Development from the Second Stage to the Third.—Towards the end of the Republic many changes began to work themselves out in the Roman army. If Camillus began the system of pay and long service, it was effectually developed by long foreign wars in Spain and in the East. Moreover, the growth of Rome as a wealthy state tended to wreck the old theory that every citizen was a soldier, and favoured a division of labour between (e.g.) the merchant and the military, while the increasing complexity of war required a longer training and a more professional soldier. In consequence, the old restriction of legionary service to men with some sort of private property was abolished by Marius about 104 B.C. and the legionaries now became wholly proletariat and professionals. By a second change, also connected with the name of Marius, the legion was reorganized as a body of 6000 men in 60 centuries, divided into 10 cohorts instead of (as hitherto) into 30 maniples; the unit of tactical action thus became a body of 600 instead of 120. This was probably an adaptation within the legion of the system of cohorts already in use for the contingents of the socii. Soon after, the extension of the Roman franchise to all Italians converted allies and subjects into citizens, and the socii into legionaries. A fourth change abolished the legionary cavalry and greatly increased the auxilia (C above). And, finally, the appearance of great military leaders in place of civilian statesmen, and of pretenders to a throne in place of patriots, familiarized the world with the notion of large standing armies commanded by permanent chiefs, and at the same time destroyed discipline and military loyalty.
Third Stage.—The Imperial Army of Defence.—The evils of the Civil Wars (49-31 B.C.) furnished the first emperor, Augustus, with both the opportunity and the necessity for reforming the army. Disorganization had reigned for twenty years. It was needful to restore loyalty and system alike. Augustus did this, as he did all his work, by adapting the past: yet there is some truth in the view of his latest historian, von Domaszewski, that his army reforms were his greatest and most original work. The main lines of his work are simple. The Imperial army consisted henceforward of two classes or grades of troops, about equal in numbers if unequal in importance. The first grade were the legions, recruited from Roman citizens, whether resident in Italy or in the provinces. The second grade was formed by the auxilia, recruited from the subjects (not the citizens) of the Empire in the provinces, organized in cohorts and alae and corresponding somewhat to both the socii and the auxiliaries (B, C above) of the Republican army. There were also in Rome special “household” troops (see Praetorians); and a large body of vigiles who were both fire brigade and police.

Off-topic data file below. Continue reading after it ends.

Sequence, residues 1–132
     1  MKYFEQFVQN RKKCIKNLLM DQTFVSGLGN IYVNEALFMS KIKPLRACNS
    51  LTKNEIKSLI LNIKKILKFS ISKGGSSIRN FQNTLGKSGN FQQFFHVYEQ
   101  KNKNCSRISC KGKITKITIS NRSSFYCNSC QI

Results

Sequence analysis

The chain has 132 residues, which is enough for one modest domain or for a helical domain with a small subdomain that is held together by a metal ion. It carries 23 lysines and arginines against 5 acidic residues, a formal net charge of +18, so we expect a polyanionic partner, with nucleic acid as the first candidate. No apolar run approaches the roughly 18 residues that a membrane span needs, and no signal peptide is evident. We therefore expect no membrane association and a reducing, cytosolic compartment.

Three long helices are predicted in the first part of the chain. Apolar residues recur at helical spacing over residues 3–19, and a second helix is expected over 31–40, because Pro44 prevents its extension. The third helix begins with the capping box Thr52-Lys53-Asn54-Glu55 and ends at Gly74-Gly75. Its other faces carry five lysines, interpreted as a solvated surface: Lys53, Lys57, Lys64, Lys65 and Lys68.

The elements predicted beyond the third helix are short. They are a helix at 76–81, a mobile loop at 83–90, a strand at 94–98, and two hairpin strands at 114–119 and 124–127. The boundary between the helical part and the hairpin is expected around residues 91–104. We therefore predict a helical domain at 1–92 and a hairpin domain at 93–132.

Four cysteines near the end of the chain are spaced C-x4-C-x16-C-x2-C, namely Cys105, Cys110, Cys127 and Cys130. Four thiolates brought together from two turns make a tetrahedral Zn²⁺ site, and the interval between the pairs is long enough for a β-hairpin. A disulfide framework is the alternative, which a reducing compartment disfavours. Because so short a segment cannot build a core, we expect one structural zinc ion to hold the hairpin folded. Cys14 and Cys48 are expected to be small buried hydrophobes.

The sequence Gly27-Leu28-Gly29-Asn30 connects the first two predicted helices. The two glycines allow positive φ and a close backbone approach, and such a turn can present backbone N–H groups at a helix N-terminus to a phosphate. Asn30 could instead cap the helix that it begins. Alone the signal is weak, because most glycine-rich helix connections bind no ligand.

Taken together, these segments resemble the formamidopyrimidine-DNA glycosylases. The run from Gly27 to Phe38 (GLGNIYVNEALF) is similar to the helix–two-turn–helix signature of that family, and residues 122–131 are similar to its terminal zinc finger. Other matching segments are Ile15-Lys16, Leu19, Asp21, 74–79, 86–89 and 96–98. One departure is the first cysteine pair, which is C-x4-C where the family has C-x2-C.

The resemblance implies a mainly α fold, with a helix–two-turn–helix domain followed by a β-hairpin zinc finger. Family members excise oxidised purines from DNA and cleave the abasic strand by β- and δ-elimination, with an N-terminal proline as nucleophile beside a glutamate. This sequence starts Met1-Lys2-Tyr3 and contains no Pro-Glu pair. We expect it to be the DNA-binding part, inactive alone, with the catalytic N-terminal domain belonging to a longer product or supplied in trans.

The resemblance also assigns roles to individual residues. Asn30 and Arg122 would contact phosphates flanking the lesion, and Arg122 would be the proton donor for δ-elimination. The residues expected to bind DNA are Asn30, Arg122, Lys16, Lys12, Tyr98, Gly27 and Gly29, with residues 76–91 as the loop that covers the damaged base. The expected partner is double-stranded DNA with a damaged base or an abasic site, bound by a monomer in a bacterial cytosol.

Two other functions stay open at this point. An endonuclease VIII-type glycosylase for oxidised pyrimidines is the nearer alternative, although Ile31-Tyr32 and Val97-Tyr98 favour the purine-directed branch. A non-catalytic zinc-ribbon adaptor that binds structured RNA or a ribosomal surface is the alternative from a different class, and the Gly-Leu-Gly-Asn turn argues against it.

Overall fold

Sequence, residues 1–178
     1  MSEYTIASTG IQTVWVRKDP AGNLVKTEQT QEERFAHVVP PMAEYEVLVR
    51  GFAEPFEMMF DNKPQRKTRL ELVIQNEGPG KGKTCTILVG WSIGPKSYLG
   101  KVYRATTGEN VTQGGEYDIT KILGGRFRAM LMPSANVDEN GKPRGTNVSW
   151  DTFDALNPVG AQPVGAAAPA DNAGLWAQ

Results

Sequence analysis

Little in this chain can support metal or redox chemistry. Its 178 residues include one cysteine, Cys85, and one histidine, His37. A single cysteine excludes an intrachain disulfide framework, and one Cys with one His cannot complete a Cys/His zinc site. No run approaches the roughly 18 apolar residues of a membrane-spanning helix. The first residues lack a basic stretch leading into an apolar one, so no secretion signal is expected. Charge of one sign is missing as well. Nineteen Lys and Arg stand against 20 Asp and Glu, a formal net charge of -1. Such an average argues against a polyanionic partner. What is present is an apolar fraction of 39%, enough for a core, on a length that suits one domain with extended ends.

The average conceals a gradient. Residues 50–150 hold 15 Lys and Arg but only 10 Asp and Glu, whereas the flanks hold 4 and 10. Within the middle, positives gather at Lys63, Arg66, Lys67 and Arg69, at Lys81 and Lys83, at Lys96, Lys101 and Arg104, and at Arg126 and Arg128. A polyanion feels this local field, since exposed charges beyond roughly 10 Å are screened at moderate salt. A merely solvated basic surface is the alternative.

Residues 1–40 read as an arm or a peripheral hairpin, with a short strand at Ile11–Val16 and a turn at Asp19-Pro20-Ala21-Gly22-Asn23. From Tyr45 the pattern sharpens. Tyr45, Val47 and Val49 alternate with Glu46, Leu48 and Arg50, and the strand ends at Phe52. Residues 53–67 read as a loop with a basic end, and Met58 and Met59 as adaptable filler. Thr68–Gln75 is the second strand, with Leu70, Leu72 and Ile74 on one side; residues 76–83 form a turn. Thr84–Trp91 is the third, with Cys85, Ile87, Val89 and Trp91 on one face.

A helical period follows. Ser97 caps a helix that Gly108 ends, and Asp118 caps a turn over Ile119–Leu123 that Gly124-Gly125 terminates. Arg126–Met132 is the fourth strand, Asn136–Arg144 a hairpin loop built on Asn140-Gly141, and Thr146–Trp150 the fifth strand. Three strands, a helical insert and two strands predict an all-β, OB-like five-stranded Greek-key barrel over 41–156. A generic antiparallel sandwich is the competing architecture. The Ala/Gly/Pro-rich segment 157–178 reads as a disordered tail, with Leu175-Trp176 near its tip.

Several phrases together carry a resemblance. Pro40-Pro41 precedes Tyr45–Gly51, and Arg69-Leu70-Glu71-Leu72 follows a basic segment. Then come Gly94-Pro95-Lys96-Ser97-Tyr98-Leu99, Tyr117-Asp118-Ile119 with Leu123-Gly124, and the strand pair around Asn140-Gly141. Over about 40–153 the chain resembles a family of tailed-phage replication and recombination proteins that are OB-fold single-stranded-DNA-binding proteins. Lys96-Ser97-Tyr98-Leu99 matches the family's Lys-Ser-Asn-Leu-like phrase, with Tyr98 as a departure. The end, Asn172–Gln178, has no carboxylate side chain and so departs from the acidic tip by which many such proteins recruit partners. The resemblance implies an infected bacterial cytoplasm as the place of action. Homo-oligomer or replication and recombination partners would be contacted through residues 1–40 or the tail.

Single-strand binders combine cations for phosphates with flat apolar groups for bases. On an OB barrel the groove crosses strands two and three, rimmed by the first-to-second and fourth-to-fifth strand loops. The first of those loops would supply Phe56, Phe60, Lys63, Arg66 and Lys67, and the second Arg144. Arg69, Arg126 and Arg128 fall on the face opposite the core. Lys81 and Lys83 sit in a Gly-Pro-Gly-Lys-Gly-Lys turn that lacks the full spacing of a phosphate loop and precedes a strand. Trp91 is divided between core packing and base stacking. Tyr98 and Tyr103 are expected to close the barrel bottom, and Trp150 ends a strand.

(A) The legion of the Empire was what Marius had left it—6000 heavy infantry divided into 10 cohorts: Augustus added only 120 horsemen to serve as despatch-riders and the like. The supreme command was no longer in the hands of the six tribunes. According to a practice which had sprung up in the latest Republic it was in the hands of a legatus legionis, deputy of the general (now of the emperor, commander-in-chief of the whole army) and a man usually of senatorial rank and position. The six tribunes assisted him, in theory: in practice they were now little more than young men of good birth learning their business or wasting their time. The real officers of the legion were the 60 centurions, men who (at least in the early Empire) generally served up from the ranks, and who knew their work. The senior centurion, primus pilus, was an especially important officer, and on retirement frequently became praefectus castrorum, “camp adjutant,” or obtained other promotion. Below the centurions were under-officers, standard-bearers, optiones, clerks and the like. The men themselves were recruited from the body of Roman citizens (though we may believe that birth-certificates were not always demanded). During the 1st century Italy, and particularly north Italy, provided the bulk of the recruits. After A.D. 70, recruiting in Italy for the legions practically ceased and men were drawn from the Romanized towns of the provinces. After Hadrian, each province seems to have supplied most of the men for the legion (if any) stationed in it, and so many sons of soldiers born during service (castrenses) flocked to the army that a military caste almost grew up. The term of service was, in full, twenty years, at least in theory, but recruiting was voluntary and when men were short discharges were often withheld. On discharge the ex-legionary received a bounty or land: many coloniae (municipalities) were established in the provinces by certain emperors for the special purpose of taking discharged veterans—according to a custom of which the first instances occur in the latest Republican age. On the whole, the legionary was still the typical “Roman” soldier. If he was no longer Italian, he was generally of citizen birth and always of citizen rank, and his connexion with the Empire and the government was real. Each legion bore a title and a number (e.g. II. Augusta, III. Gallica). The custom of using such titles and numbers can be detected sporadically in the latest Republic, and many titles and numbers then borne by legions passed on into the Empire with the legions themselves. As Augustus gradually became master of the world, he found himself with three armies, his own and those of Lepidus and Antony; from the three he chose certain legions to form his new standing army, and he left these with the titles and numbers which they had previously borne, although that concession resulted in three legions numbered III. and two numbered IV., V., VI. and X. respectively. Similar titles and numbers were given to legions raised afterwards either to fill up gaps caused by disaster or to increase the army. Here, as elsewhere in the Roman and above all in the Augustan system, precedent defied logic.